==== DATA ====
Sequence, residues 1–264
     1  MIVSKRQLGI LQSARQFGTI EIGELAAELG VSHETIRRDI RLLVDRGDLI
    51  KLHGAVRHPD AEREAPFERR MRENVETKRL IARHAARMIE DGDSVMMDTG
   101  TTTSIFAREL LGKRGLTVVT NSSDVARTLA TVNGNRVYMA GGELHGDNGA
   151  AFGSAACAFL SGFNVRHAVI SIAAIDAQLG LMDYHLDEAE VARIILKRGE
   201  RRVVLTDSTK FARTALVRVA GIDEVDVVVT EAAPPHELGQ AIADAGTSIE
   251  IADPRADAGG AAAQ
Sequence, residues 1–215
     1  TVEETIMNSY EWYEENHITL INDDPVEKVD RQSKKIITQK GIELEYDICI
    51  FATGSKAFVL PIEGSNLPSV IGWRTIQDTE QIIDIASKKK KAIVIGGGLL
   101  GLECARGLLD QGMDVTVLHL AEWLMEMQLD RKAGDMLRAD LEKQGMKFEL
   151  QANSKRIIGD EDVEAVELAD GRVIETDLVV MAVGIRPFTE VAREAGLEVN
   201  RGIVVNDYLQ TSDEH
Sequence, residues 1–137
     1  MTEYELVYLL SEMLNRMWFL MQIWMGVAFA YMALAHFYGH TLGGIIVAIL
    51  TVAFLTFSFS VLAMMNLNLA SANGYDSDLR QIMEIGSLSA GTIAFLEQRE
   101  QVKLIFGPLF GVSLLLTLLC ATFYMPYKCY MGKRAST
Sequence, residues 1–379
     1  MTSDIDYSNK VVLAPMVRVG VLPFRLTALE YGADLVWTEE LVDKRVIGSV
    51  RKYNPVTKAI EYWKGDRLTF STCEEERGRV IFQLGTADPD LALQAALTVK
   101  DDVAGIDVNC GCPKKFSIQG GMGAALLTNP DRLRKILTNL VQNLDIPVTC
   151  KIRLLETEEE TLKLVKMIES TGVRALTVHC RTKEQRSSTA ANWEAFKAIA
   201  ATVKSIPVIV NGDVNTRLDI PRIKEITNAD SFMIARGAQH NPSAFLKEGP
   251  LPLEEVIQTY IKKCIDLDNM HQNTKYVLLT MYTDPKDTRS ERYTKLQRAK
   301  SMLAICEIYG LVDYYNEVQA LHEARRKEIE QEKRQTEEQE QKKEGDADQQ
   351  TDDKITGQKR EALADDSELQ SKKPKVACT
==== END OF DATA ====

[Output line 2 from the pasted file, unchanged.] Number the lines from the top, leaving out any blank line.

     1  MIVSKRQLGI LQSARQFGTI EIGELAAELG VSHETIRRDI RLLVDRGDLI